Packers, Clay Matthews not discouraged by LB’s slow start

Clay Matthews has been a bit slow out of the gates in 2014, but the Packers coaches insist they're happy with his play so far.

Mike Dinovo/Mike DiNovo-USA TODAY Sports

GREEN BAY, Wis. — Clay Matthews believes there are things he does as a player that get lost in translation. Of course, the Green Bay Packers’ star outside linebacker knows he’s mostly judged based on sacks, tackles and other box-score statistics. And it’s those type of numbers that are lacking for Matthews this season.

With only one sack all year and coming off a game in which he had no tackles — along with zeros in nearly every other notable category, Matthews has received a lot of criticism for his recent play. However, none of that criticism is coming from within Lambeau Field headquarters.

"I’m very comfortable with the way Clay’s playing," head coach Mike McCarthy said. "His grades are consistent. Production doesn’t always reflect the performance as far as the way we grade them."

Defensive coordinator Dom Capers agreed with the positive endorsement of Matthews.

"Clay’s been playing good football," Capers said. "He’ll still have those two or three plays a game that he really affects the game. I don’t get too caught up in (the stats), because I think sometimes they come and they come all at once."

But amidst Matthews’ lack of mainstream statistical production, he points to the amount of times he’s influenced or put pressure on quarterbacks. And in that regard, he’s right. The data from ProFootballFocus has Matthews leading the Packers with 13 quarterback hurries and tied for the team lead in the QB hits category with five. Among NFL outside linebackers, Matthews ranks fourth in the league in hurries and 10th in hits.

"I don’t think you can put a number on how you influence an offense coming into each game and what they throw at you," Matthews said.

Part of the reason that Matthews is on pace for the fewest tackles and sacks on a per-game basis of his six-year career is because of — in his words — "the evolution of offenses."

"With so much of the zone-read, a kind of read-and-react type offense, it definitely slows down players like myself," Matthews said. "Sometimes you just have to play your role and fit within the scheme."

"That requires a little bit of patience of just kind of sitting there reading and reacting, which I know most of us on defense would rather just be turned loose and get after it," Matthews added.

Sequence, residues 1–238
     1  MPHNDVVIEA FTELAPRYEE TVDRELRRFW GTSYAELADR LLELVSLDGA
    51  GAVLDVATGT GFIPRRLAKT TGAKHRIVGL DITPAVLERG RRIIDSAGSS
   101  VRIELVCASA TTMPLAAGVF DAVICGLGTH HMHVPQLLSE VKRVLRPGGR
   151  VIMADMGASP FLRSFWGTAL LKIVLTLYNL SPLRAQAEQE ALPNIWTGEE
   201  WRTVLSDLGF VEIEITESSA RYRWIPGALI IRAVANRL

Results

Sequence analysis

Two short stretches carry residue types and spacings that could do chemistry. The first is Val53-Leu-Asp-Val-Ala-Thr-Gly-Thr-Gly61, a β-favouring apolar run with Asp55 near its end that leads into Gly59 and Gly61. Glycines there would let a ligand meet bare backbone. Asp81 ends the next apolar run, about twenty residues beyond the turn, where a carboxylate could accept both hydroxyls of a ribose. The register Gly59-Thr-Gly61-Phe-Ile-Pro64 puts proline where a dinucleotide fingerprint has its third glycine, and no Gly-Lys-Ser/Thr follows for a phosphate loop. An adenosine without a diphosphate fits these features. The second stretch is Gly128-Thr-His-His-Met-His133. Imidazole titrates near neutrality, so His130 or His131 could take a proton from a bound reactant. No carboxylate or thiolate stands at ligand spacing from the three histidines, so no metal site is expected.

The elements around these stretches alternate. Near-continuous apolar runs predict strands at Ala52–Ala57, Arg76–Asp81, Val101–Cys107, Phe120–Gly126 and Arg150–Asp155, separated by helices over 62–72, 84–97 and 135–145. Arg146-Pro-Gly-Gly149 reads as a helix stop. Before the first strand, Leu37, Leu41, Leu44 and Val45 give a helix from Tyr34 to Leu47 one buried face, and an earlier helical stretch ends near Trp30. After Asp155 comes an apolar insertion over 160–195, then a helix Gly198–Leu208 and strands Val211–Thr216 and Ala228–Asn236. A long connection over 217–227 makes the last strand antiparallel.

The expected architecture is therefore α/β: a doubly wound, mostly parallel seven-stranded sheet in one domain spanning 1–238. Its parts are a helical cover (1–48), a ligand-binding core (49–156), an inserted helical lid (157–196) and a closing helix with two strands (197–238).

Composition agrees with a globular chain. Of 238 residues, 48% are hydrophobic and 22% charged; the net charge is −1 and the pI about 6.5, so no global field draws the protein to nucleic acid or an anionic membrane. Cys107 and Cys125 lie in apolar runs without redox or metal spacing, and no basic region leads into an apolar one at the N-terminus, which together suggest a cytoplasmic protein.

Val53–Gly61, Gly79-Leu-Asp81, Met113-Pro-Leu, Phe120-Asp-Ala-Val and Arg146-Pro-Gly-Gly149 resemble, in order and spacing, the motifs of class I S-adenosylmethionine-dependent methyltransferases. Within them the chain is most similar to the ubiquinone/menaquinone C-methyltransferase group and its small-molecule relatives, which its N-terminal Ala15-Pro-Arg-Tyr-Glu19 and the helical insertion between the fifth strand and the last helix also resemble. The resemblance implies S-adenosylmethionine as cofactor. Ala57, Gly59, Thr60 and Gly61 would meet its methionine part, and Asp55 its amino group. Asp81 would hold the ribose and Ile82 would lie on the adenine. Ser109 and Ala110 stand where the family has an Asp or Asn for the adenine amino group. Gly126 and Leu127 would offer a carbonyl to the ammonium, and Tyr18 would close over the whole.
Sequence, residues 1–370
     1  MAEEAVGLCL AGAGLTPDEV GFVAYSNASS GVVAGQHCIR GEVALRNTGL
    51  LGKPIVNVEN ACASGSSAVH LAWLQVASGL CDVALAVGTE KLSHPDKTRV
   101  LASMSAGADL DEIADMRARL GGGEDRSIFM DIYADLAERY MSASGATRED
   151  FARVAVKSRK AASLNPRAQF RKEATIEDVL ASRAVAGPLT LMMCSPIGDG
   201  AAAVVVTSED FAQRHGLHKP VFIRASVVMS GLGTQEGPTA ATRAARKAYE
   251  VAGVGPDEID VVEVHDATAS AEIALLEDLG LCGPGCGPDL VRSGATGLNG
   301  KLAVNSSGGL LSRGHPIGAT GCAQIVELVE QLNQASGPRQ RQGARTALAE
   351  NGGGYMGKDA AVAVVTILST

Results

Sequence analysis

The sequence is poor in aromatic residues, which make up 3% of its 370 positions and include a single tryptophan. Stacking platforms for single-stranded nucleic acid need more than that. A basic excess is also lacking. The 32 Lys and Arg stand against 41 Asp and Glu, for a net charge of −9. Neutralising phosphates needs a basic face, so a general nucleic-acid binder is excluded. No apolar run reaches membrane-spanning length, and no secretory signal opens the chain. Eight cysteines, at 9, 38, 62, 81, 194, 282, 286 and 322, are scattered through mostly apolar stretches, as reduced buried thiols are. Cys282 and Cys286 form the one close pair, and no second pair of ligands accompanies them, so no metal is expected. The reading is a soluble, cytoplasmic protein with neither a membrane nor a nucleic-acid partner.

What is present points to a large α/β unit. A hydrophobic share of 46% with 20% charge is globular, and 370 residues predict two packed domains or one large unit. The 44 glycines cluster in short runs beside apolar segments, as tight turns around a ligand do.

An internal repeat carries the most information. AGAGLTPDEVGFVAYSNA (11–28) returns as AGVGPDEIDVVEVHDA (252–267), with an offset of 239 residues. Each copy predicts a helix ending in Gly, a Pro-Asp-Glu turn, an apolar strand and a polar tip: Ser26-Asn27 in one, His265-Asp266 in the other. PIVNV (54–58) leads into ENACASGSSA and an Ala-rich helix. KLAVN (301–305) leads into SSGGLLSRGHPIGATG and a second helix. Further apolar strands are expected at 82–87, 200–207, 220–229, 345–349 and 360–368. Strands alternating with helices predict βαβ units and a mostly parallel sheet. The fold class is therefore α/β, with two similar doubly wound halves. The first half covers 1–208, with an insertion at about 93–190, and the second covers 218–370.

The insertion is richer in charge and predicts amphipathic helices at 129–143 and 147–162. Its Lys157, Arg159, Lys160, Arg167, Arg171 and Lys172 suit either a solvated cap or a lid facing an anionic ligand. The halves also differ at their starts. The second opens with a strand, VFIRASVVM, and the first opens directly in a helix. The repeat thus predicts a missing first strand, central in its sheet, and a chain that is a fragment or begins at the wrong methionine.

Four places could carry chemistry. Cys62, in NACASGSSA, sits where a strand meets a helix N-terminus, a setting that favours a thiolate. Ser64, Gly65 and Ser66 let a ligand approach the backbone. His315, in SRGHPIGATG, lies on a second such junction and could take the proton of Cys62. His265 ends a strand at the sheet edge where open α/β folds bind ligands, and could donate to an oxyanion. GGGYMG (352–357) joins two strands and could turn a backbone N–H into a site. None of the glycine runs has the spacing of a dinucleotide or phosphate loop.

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Still, Matthews is a four-time Pro Bowl selection, a 2010 first-team All-Pro and a 2012 second-team All-Pro. That led to him becoming the NFL’s highest-paid linebacker when he signed a five-year, $66 million extension in April 2013. Therefore, Matthews can’t be held to the same standards that most players are.

"I think what I’ve been able to do over the years and just me being me, there is high expectations," Matthews said. "Trust me, I feel those expectations, the ones that I put on myself. The media, they don’t need to add any more to the fire that I already have. You already have to be crazy enough to play this game, but using that in a positive manner.

"Sacks, tackles, whatever it is, I put a big emphasis on impacting games and we’ll continue to do everything I need to to impact those games and not just kind of play a role."

Matthews, McCarthy and Capers all subscribe to the theory that sacks come in bunches. In 2012, that just so happened to be at the start of the season when Matthews had six sacks in the first two games alone and added five more sacks in the final three games.

That somewhat explains why Matthews was still on the field in Week 5 after the Packers had a 42-point lead on the Minnesota Vikings. He felt like he was "in a good routine" and wanted "to stick out there." Based on the idea that one sack could start a trend, perhaps had Matthews been able to take down Christian Ponder in that final quarter it would’ve had a positive impact moving forward.

But that didn’t happen. Matthews failed to record a sack in that Vikings game and was unable to do any damage to Miami Dolphins quarterback Ryan Tannehill a week later.

"You just can’t get discouraged," Matthews said. "I think that’s the big thing. I want to make plays out there, don’t get me wrong. You just can’t get discouraged. Of course I’d love to have all the numbers that I’ve had in the past, and I think they will come throughout these next 10 games. I think at the end of the season it’ll just be one of those deals."

Matthews’ attitude and approach during this stretch have him at ease. He feels he has a solution that will eventually help him start picking up sacks again.

"Just keep being me," Matthews said. "Just keep being me and those plays will come to me."

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Don’t blame injuries for Matthews’ relative struggles. He insisted that neither the groin injury that bothered him heading into Week 3 nor the twice-broken thumb from last season have been an issue.

Maybe in less than three month’s time all of this will have been just a temporary situation for Matthews. That’s how his coaches feel.

"Clay’s a big-time player," McCarthy said. "Production will come."

Added Capers, "I think when it’s all said and done, Clay will be close to what he has been statistically."

But that sack production will need to start soon. His quarterback hurries are a positive for Green Bay’s defense, and it’s understandable why he feels opposing offenses are slowing him down with zone-read plays. Without a collection of sacks soon, though, the questions about his impact on the field won’t stop.

"I can always get better," Matthews said. "That goes without saying. Yeah, I can be better."

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